This article by Katie Macleod was first published in EVENTS newspaper (available at www.hebevents.com) on 05/12/2019 

It’s been a busy few months for the islands’ young people, who have been making their voices heard in the Outer Hebrides at a variety of different events, on issues ranging from climate change to mental health.

The activities kicked off with the Young Leaders Conference on September 24th. Held in the Caberfeidh Hotel in Stornoway, the event was spearheaded by the islands’ two Members of the Scottish Youth Parliament (MSYPs), Sakshi Orchison, from Lewis, and Maria McGoldrick, from Uist. 35 young leaders who hold leadership roles in local organisations attended the conference, which aimed to encourage and inspire young leaders, volunteers, and activists.

This article by Katie Macleod was first published in EVENTS newspaper (available at www.hebevents.com) on 05/12/2019 

The use and growth of the Gaelic language has been making headlines recently, with language learning-app Duolingo announcing it would add Scottish Gaelic to its roster, and the Royal National Mod taking place in Glasgow this autumn.

But closer to home, efforts to increase the use of Gaelic – and encourage the uptake of Gaelic Medium Education – have been underway for some time.

In the summer of 2018, Deputy First Minister John Swinney tasked Comhairle nan Eilean Siar, alongside a number of key partners across Scotland, with increasing the rate of Gaelic growth, both locally and nationally, through the Gaelic: A Faster Rate of Progress project. Since then, work has been done to expand the use of Gaelic, not only in education, but in workspaces and the community, too.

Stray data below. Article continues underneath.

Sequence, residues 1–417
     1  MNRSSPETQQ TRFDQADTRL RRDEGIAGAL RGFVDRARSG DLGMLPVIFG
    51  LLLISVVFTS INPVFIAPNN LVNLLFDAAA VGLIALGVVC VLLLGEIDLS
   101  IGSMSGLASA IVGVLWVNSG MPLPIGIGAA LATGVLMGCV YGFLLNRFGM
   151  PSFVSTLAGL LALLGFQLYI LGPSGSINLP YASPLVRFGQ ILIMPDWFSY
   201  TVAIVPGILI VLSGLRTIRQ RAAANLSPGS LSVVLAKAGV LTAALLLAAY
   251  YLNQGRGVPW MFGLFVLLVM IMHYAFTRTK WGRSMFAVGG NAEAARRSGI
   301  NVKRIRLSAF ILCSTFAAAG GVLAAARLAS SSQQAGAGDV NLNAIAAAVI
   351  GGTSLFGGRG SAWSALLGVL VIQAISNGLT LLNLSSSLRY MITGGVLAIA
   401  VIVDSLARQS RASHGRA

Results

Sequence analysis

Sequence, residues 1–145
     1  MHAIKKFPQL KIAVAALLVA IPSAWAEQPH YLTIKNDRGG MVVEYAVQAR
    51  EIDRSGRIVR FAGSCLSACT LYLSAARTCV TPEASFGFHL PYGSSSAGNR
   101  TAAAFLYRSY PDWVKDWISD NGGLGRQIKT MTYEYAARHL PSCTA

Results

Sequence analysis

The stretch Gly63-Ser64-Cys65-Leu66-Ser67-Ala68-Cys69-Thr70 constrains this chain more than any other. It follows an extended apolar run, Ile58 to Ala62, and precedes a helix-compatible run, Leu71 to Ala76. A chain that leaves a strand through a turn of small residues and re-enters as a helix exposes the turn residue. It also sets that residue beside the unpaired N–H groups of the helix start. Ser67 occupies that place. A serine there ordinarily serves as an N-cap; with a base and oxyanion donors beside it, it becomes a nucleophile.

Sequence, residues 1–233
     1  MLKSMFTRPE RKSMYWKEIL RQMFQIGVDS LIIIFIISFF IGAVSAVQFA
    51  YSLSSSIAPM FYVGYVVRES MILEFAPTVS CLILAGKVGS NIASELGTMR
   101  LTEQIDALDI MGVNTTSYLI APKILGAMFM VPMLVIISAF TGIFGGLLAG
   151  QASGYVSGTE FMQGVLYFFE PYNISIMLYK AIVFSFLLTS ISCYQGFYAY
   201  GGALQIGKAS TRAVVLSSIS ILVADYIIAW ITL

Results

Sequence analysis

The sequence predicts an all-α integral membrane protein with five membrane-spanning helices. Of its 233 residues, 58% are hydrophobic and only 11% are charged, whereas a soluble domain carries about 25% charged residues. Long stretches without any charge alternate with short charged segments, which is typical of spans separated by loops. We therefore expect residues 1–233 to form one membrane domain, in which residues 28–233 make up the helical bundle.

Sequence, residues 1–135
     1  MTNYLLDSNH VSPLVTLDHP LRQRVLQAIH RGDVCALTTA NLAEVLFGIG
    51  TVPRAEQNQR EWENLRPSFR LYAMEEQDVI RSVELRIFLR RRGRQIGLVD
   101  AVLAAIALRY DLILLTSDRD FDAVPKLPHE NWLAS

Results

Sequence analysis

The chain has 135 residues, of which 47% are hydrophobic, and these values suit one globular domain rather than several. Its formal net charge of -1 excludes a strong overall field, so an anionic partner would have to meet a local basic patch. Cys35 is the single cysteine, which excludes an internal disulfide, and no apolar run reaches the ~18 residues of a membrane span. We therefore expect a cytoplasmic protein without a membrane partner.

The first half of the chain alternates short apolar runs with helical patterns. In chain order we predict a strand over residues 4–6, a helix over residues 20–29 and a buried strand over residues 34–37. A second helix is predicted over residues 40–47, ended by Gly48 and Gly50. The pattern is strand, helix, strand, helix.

This article by Katie Macleod was first published in EVENTS newspaper (available at www.hebevents.com) on 07/11/2019 

Runrig, Julie Fowlis, and Capercaillie are just a few of the big names in Scottish music who have performed over the years at Celtic Connections, Glasgow’s annual folk, roots, and world music festival. In January 2020, thousands of musicians from around the world will travel to the city to take part in 18 days of concerts, cèilidhs, and workshops – and young musicians from across the Outer Hebrides will be among them.

This article by Katie Macleod was first published in EVENTS newspaper (available at www.hebevents.com) on 03/10/2019 

This autumn sees the start of another chapter in the story of Dileab, the Comhairle nan Eilean Siar initiative which began in 2018 as an intergenerational, bilingual project to bring local history alive for the young people of the Outer Hebrides.

Now, it’s grown into a long-term project that also encompasses the cultural and historical work done in schools, with a showcase event headlined by Scottish folk band, Skipinnish, being held next month.

The latest release of exam data in September 2019 by the Scottish Qualifications Authority (SQA) shows continued educational success in a range of national qualification for pupils across all four secondary schools in the Western Isles.

SQA data is released twice annually: in February with school leaver figures, and again in September following the summer exam results.

Schools continually make use of this data to plan for improvement and ensure that learners leave school with a broad range of skills and qualifications that meet their future needs.